She’s one of the finalist of the FTA Prize of 2021, in the Debut Talent category. Recently graduate of Virginia Commonwealth University in Qatar, with a BFA in fashion design, Roudha Almazroei loves architecture and art. Her eponymous label focuses on contemporary, ready-to-wear bridal outfits and reflects her love of storytelling and her rebellious nature, Almazroei just launched, also, her first sportswear collection.
“Seeing the fitness industry increasing in popularity in the MENA region, I loved it that for once the people were hyped up about something that is healthy and good for them; I simply wanted to become part of the movement, and that’s when I decided to create my own line”, she says. “I wanted to create sportswear that circles between fashion, fitness and function, that was also the inspiration for the brand’s name”, she added.
Pulse talks to… Roudha Almazroei
What is the one thing you wish people would stop wearing?
Leggings, or tops that tend to stretch and become see through, they’re very unflattering on the body.
What creation of yours are you most proud of?
The shape and form jacket, very simple, yet very fashionable and can go from the gym to a coffee shop to the grocery store; it combines fitness, function and fashion.
What was your worst fashion faux-pas?
Pairing socks with sandals, I simply think wearing sandals doesn’t go well with socks.
If you were to choose one of your looks, or that of any other designer, to wear everyday for the rest of your life, what would it be?
I would love to wear one of my CIRCLE O STUDIO activewear sets. Super comfortable and they can be dressed up or down.
Who do you dream of dressing?
CIRCLE O defiantly dreams of dressing Jennifer Lopez. She is a motivation for others that age doesn’t define your look or your body.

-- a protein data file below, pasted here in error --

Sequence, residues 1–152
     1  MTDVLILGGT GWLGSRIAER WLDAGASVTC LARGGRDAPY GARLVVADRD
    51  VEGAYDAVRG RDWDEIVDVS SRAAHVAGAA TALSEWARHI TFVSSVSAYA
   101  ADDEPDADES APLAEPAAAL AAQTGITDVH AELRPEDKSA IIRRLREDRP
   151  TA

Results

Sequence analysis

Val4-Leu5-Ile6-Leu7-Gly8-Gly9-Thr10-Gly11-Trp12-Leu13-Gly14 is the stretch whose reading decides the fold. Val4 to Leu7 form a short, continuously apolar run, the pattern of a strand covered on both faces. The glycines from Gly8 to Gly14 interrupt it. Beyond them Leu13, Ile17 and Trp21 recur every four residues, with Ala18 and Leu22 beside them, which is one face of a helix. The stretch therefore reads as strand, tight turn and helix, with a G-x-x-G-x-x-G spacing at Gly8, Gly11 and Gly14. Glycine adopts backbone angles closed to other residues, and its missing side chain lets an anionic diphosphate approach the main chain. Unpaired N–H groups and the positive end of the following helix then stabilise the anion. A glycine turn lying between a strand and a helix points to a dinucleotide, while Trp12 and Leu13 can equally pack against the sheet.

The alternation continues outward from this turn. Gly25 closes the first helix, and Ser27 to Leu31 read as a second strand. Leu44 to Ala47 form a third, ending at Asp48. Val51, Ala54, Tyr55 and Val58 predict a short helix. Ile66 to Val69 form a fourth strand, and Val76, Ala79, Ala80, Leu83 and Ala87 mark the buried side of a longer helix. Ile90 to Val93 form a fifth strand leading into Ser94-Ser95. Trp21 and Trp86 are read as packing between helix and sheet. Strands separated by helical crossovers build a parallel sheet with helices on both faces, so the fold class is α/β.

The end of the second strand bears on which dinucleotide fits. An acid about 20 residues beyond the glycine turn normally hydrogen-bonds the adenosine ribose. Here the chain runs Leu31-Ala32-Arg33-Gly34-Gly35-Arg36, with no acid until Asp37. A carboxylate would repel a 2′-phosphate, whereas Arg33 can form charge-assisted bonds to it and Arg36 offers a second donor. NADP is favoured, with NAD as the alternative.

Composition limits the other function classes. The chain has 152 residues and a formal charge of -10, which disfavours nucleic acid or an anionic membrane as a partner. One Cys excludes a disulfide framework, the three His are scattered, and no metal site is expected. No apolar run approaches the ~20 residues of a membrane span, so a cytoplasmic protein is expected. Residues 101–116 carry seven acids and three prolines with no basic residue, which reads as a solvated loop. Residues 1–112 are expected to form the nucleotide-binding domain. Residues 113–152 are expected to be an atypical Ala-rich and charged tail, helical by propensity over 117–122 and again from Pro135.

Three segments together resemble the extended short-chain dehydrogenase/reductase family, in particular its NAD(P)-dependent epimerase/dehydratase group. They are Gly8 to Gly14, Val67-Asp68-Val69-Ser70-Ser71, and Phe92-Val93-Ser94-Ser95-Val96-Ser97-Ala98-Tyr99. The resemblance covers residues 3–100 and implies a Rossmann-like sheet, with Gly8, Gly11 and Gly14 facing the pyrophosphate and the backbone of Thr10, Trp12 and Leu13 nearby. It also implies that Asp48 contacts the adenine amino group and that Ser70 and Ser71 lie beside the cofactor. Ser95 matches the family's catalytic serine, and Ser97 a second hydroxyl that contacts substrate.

When was the last time you pulled an all-nighter?
It was during my university years, studying fashion and stitching all night.
Name five people, dead or alive, that you’d like to invite to a private dinner party at your house.
Lana Del Rey, Marilyn Monroe, Alexander McQueen, Naomi Campbell and Halima Aden.
What does the word “sustainability” mean to you?
Sustainable is a lifestyle, buying one garment that is made sustainably does not mean you are helping the environment. However, keeping your clothes for longer and passing them on is part of being sustainable. Of course if the clothes are made sustainably, then that’s better for our environment because they will decompose faster. But always think of the environment before buying, and always ask yourself if you actually need it.
What would be the title of your Netflix documentary?
“A Rebel at Heart.”
Describe the MENA region in 3 words
Culture, unity, sense of style.
How is “Young, Arab and Proud” translated in your work?
I can describe my inner self in my clothes, there are many pieces that are created to tell stories and create ideas, not just to be worn.
What is the Arab DNA made of?
So much love.
What is the most common misconception about being an Arab?
We don’t live in tents and ride camels to work.
If you could travel in time to meet any Arab icon, who would it be, and why?
Um Kulthum, she is an icon, who wouldn’t want to meet her?
What makes you uncomfortable in the MENA fashion industry and that you would like to see changed?
Exaggerating everything, I wish the whole fashion industry here would just take one step back and realize what they are designing when it comes to each particular piece, and to think about if everything has to be so dramatic and exaggerated in style.
How is the gender-neutral trend translated in the MENA fashion?
I haven’t seen gender neutral trends translate here in the MENA region as much as they have in the West.
What is one Arab tradition you would want to change, and what is the one you adore?
What I would change are limitations, you shouldn’t limit yourself just because you come from this region. What I adore is the unity and the unconditional love between us, it’s like we are one big family.
What is the Arab dish you could eat every day?
What is your favorite Arabic song, one that is often stuck on repeat in your playlist?
That’s a hard one, but I listen to Abdul Majeed Abdullah.
Um Kulthum or Fairuz?
What is the one city in the MENA region you could live in forever, and why?
My Doha, nowhere else…